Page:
The Gold Market: Rising Prices, Takeovers, and China
There were a record number of gold mining takeovers throughout the globe in 2010. The value of these deals is approximately $32 billion and represents 38 percent of all mine acquisitions in 2010. This figure is over two times the 2009 total for this industry. Much of this increased activity is due to the rising price of gold. The price peaked at $1,266.50 in June, breaking an all time record. It is set for its tenth straight annual gain, the longest streak since 1920.
Likely targets for a future takeover are Resolute Mining Ltd. and Newcrest Mining Ltd. Total gold reserves are gradually depleting because the amount of gold being discovered has decreased by four million ounces each of the past thirty years. According to Richard Phillips, managing director at Greenhill Caliburn Pty Ltd., a merger adviser, “Gold companies have finite assets. Producers are under pressure to continue to buy or find gold to replenish the production pipeline and many companies look to do both.” Some believe a global trend of consolidation will occur due to a focus on organic growth.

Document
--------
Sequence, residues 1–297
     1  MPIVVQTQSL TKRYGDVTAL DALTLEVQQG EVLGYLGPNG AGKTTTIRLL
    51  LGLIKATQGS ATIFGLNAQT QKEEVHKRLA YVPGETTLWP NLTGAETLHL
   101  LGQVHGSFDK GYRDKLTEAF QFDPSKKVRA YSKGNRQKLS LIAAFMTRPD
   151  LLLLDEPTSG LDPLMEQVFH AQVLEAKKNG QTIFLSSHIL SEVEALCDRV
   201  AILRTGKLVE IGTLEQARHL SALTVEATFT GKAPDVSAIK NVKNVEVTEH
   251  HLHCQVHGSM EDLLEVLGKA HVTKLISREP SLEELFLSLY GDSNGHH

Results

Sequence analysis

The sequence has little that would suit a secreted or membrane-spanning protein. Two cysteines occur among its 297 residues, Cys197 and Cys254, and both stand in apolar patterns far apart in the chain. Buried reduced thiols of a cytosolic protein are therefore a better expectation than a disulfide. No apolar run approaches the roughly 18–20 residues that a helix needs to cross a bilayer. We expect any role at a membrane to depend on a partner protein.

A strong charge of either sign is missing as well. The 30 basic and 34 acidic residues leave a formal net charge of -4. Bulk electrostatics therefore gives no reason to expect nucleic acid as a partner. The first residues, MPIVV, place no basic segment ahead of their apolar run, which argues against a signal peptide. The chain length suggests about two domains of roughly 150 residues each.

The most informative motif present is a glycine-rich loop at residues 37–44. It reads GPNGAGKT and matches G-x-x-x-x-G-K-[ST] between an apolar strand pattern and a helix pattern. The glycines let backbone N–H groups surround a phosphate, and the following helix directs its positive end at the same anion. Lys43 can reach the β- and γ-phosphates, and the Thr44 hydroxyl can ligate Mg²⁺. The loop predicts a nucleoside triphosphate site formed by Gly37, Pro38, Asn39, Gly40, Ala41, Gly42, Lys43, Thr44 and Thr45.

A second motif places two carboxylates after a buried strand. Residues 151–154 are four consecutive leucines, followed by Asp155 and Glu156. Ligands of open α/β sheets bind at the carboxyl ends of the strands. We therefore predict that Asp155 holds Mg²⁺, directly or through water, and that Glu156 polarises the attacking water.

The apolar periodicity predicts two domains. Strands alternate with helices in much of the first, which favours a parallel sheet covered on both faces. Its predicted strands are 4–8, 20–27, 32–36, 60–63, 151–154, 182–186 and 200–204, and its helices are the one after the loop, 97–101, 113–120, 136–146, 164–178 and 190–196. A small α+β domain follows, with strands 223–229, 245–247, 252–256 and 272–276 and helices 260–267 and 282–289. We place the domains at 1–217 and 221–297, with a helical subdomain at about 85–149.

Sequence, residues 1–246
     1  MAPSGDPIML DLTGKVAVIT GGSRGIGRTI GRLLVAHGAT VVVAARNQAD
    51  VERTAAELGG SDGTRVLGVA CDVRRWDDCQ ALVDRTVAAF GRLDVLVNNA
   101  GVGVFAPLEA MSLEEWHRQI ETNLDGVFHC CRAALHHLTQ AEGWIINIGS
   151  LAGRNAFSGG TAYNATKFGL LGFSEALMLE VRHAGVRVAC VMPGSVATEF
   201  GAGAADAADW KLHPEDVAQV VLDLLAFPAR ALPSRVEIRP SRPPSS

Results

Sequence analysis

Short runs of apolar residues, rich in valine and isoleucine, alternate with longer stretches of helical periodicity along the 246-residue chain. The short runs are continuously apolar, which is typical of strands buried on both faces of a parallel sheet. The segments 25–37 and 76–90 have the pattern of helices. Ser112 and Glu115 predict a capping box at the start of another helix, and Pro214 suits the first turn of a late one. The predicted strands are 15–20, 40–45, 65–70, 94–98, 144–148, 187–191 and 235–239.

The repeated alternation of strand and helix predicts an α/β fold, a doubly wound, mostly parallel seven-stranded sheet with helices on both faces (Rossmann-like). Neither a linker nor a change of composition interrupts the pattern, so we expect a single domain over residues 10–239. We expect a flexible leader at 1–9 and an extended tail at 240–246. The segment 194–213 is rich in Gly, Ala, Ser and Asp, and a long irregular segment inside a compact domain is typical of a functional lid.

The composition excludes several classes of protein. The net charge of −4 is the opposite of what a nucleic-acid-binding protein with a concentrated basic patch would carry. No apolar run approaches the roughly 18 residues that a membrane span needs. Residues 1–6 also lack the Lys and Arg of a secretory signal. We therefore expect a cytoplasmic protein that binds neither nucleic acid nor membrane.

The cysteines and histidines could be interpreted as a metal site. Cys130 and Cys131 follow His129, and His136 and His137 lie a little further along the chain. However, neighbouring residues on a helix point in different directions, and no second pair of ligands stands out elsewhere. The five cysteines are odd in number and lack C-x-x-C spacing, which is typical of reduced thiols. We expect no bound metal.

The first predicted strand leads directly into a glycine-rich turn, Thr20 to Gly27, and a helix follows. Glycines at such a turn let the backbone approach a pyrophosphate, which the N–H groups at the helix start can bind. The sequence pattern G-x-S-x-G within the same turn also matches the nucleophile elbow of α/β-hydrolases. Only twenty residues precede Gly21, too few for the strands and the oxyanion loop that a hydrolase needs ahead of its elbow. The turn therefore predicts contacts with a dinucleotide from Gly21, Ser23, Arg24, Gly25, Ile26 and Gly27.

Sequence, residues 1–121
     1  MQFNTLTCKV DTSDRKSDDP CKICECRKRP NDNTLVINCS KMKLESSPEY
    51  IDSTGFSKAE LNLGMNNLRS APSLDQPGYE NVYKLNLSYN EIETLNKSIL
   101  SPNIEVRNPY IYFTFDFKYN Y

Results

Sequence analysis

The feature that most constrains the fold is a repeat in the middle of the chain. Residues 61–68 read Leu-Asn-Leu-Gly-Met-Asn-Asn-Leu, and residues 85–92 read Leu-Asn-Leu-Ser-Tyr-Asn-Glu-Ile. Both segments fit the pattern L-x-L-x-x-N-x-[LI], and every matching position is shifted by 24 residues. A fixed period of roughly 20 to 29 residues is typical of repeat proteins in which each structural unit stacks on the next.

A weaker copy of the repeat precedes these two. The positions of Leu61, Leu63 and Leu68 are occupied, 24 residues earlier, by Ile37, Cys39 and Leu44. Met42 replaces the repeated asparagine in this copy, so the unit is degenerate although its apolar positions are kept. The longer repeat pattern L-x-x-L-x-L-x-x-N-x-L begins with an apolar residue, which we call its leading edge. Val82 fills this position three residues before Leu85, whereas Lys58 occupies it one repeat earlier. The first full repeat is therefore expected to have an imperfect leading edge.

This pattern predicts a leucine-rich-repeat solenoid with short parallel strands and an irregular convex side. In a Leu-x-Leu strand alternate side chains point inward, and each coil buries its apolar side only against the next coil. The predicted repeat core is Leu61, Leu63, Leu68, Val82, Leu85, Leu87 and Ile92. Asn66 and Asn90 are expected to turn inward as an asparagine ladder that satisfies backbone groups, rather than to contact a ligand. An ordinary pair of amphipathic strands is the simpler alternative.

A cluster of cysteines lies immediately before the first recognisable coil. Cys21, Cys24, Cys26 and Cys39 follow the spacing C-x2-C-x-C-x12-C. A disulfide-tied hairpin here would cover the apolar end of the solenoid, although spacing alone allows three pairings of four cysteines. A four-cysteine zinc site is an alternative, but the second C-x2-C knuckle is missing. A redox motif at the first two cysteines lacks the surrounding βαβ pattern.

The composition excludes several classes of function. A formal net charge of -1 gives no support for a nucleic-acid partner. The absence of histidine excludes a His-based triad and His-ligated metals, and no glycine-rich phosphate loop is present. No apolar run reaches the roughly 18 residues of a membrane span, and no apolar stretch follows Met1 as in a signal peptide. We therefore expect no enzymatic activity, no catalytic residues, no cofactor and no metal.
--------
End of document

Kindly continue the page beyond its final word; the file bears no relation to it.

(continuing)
The largest deal thus far in 2010 is the $11 billion bid by KazakhGold Group Ltd. to acquire its own parent company, OAO Polyus Gold. This move creates the largest gold producer within the former Soviet republics. An $8.9 billion deal involving a takeover of Lihir Gold Ltd. by Newcrest Mining was recently agreed upon and represents the second largest deal of the year.
In the midst of all of this, China is beginning to support overseas acquisitions by offering loans and extending lines of credit to bullion companies within the country. It will also permit additional banks to import and export the precious metal. In addition, the country wants to stimulate the development of derivatives trading dominated by the yuan.
During the coming months, gold producers would like to focus on acquisitions of large companies, exposing them to additional exposure to capital markets. However, the limits placed on borrowing are not helping to make this situation a reality. Therefore, larger companies may instead refocus their takeover efforts on smaller companies as the price of gold is expected to skyrocket to $1,500 per ounce by late 2011.
Source: Keenan, Rebecca. The Daily Crux. How China is really buying gold.